There are some frustrating elements to the recipes.  For example, this dessert requires eight sugar cubes, a unit of measurement we've never seen anywhere else.  Even more vaguely, they call for "an apple, diced" in the bread pudding.  No indication is given as to how much apple or what kind of an apple should be used -- and as we've had the misfortune to experience, there's a world of difference between a Spy and a McIntosh when it comes to baking.

Plus, some of the techniques given seem not only vague, but backwards.  This dish calls for two different kinds of caramel: one to make the sugar lattices used for garnish, and one for the sauce.  The recipe directs the cook to heat sugar, corn syrup, and water until "caramel in colour."   Precision is all-important when it comes to cooking sugar, so we were surprised not to see a specific temperature. Then the cook is to pour the hot sugar into a mixture of cream, butter, and maple syrup.  Guess what happens when the hot ingredients hit the cooler ones?  The sugar hardens almost immediately, without incorporating into the cream.  We had to put the whole thing back on the stove, heating and beating the components into uniting.  The resulting sauce was absolutely delicious, but all the anxiety could have been avoided by beating the cream mixture directly into the hot sugar syrup.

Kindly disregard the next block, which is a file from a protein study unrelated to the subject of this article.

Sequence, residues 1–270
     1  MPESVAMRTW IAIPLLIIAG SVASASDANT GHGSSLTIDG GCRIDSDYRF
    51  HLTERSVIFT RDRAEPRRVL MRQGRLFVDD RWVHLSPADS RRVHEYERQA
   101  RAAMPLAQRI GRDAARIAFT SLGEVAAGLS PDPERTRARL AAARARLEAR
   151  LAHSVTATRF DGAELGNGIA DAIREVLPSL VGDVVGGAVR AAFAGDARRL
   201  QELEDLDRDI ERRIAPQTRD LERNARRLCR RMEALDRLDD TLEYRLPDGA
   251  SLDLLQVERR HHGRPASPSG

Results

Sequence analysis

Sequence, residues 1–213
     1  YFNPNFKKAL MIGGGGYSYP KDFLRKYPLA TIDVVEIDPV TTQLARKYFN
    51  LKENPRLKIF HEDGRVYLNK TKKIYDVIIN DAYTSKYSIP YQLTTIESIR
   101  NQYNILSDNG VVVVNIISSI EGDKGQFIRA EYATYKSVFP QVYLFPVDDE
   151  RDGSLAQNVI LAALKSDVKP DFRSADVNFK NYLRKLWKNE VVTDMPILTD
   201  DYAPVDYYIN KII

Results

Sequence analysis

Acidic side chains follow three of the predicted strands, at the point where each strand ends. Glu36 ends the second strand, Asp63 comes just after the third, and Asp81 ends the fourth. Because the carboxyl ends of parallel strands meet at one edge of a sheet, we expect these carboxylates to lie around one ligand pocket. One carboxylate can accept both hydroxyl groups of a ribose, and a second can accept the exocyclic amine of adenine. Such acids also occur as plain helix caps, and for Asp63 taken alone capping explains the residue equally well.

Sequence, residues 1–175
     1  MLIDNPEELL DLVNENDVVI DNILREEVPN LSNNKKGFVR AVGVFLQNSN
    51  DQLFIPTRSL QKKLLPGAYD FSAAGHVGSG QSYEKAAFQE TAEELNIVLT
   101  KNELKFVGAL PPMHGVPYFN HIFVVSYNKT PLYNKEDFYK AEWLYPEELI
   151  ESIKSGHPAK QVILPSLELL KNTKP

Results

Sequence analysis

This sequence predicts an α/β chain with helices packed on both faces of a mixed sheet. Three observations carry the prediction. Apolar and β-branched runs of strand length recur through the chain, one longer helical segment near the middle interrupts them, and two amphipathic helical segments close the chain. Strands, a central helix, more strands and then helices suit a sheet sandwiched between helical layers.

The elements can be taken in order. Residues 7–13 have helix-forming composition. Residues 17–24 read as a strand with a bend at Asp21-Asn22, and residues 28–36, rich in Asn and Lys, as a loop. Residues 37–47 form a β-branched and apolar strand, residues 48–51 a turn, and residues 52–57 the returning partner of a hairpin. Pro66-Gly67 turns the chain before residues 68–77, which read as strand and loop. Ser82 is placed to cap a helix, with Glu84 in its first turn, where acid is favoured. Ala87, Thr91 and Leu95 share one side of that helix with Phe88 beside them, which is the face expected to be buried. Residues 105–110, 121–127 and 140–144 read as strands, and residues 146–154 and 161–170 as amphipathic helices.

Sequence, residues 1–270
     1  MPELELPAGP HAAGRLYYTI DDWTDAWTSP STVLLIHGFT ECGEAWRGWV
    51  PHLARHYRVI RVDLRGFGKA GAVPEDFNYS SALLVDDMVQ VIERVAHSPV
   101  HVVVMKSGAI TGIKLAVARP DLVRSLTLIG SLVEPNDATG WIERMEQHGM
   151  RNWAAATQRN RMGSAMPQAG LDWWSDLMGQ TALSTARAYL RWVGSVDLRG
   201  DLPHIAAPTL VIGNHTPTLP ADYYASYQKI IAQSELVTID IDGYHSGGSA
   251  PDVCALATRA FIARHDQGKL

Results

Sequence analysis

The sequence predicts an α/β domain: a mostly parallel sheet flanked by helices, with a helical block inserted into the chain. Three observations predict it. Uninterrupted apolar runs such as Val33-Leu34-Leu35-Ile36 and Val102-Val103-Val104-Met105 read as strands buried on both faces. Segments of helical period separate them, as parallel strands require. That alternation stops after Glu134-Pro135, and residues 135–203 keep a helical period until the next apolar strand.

The Dubys definitely inspire with their unorthodox flavour combinations.  We know that other cooks, such as Clement from A la Cuisine and Keiko of Nordljus, have had good experiences working from Wild Sweets' recipes.  We still have questions about the science behind some of the preparations:  for example, if anyone knows why pectin is used in the chicory-infused ice cream, we welcome your insights!  But in general, the complexity of the dishes means that we'll likely only use these recipes when we have a lot of time and are cooking for a special occasion.  And IMBB #25 certainly counts!

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Rob like Harry Potter???
You're like a magician!!!


Well I certainly admire the immense effort that went into this dish. And the photography is spectacular!

While it may not have been worth the effort, the post is excellent. Well done!


Looks incredable!
Sad to hear it wasn't perhaps worth the effort, top marks for experimentation though.